|Martin Told Friend of Man Following Him in Final Moments|
|By SENI TIENABESO (@seniABC) and MATT GUTMAN (@mattgutmanABC)||Jun 26, 2013, 5:48 AM|
Trayvon Martin told the last person he ever spoke to by phone that a "creepy-ass cracker" was watching him, Rachel Jeantel testified in the Florida trial of George Zimmerman, the neighborhood watchman accused of second-degree murder.
Jeantel, 19, described as a friend of Martin's, said the 17-year-old was walking home during halftime of the NBA All-Star Game on Feb. 26, 2012, when he became unnerved by someone following him, apparently Zimmerman.
"He told me the man kept following him," Jeantel said.
Jeantel said she told Martin to run but that he responded that he was almost home.
"I say, 'Trayvon,' and then he said, 'Why are you following me for?'" Jeantel testified today. "And then I heard a hard-breathing man come say, 'What you doing around here?' ... And then I was calling, 'Trayvon, Trayvon.' And then I started to hear a little bit of Trayvon saying, 'Get off, get off.'"
At times during her early testimony with the prosecution, Jeantel dabbed away tears, as did Trayvon Martin's father, Tracey Martin.
Jeantel, seen as a critical prosecution witness, faced a combative cross-examination during which her credibility was repeatedly called into question
During cross-examination, defense attorney Don West tried to dig into the chain of events preceding Martin's death. West asked why Jeantel didn't call law enforcement after the phone died.
"I thought he was going to be OK because he was right by his daddy's house, but his daddy was not home," Jeantel said as Martin's father cried in court.
Tracey Martin eventually reached out to Jeantel after looking at his son's phone log, Jeantel said. She added that she expected law enforcement to reach out to her.
But none did, apparently, until the Florida Department of Law Enforcement contacted her much later.
The defense later moved to impeach Jeantel after accusing her of telling lies under oath, including her whereabouts during Martin's wake.
"Under oath, you created a lie and said you went to hospital?" asked West.
"Yes," responded Jeantel.
She said she lied because she didn't want to see the body.
Jeantel became increasingly agitated during the cross-examination and court ended for the day when she scoffed about having to continue testifying Thursday.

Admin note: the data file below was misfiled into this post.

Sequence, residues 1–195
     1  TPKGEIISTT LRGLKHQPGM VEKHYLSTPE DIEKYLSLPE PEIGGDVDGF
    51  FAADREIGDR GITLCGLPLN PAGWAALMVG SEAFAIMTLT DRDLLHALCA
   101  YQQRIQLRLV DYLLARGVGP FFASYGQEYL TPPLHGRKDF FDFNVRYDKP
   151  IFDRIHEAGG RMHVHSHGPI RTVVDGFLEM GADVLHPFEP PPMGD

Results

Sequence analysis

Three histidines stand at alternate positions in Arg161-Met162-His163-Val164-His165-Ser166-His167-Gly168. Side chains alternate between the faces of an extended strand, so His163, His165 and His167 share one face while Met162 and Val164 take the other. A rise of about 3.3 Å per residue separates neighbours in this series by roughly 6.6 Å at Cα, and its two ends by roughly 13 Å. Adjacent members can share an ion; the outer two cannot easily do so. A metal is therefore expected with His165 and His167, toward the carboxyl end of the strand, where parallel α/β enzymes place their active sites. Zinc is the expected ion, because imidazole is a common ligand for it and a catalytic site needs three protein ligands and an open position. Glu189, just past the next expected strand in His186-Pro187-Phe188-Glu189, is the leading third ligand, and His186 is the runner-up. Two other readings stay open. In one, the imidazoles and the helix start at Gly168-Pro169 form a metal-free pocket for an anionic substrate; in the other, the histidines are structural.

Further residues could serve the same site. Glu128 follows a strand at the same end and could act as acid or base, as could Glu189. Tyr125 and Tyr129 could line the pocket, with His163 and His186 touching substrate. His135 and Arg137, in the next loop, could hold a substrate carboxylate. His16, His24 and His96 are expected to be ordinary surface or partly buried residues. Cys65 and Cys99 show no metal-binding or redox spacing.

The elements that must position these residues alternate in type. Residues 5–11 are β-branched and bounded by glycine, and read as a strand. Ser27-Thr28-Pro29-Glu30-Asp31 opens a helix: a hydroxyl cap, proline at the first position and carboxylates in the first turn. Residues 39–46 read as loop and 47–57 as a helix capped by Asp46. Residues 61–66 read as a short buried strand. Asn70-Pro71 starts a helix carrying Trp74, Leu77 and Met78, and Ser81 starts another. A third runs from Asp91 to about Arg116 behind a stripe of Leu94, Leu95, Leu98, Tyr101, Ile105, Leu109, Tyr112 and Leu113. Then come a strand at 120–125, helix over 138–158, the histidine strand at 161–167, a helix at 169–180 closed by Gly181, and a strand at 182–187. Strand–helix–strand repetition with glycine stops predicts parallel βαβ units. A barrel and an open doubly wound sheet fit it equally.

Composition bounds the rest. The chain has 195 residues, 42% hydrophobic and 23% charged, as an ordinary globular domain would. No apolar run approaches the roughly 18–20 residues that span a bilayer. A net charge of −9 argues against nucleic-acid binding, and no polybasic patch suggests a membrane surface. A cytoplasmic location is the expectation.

Jeantel's testimony followed testimony from the first witness to say she thought she knew who was screaming for help in the fatal altercation.
Jane Surdyka was in her home on the night Trayvon Martin was shot and killed and said she could hear a "loud, dominant" voice 20 to 30 feet from where she was. She said she opened her window and could "see two people on top of the ground and one on top of the other."
She said she could hear a "boy's voice" crying for help.
Prosecutor Bernie de la Rionda then played Surdyka's emotional 911 call as Sybrina Fulton, Trayvon's mother, and Surdyka dabbed tears from their eyes.
During cross-examination, Surdyka described the altercation and cries for help as a life-or-death struggle.
"It was, as if nothing else, a plea for mercy?" West asked.
"A plea for someone to save them," Surdyka said.
Zimmerman, who has said he was defending himself, has claimed he was the one screaming that night and that he shot and killed the unarmed teenager after Martin repeatedly banged his head on a concrete sidewalk. Prosecutors suggested it was Martin who was screaming.
A second neighbor, Jeannee Manalo, testified that she also heard screams but did not know who was crying for help. But she was the first witness to testify that she saw a man swinging his arms.
"The one on top was moving," Manalo told the court as she made a punch-like gesture.
But Manalo said she did not know who was punching whom.
The testimony followed a key ruling in the trial by Circuit Judge Debra Nelson to allow jurors to hear several non-emergency calls the former neighborhood watch captain made to police well before the encounter with Martin.
Zimmerman is heard asking during the calls for police to come to his subdivision and check on suspicious strangers, often black. The prosecution argued they should be submitted into evidence because they show his mind-set in the days and months leading up to the shooting.
"The defendant made the calls, he created these tapes, he created these situations. He shouldn't complain," prosecutor Richard Mantei said.
Zimmerman's lead defense attorney said the calls were irrelevant and would confuse jurors, but Nelson overruled his objection today.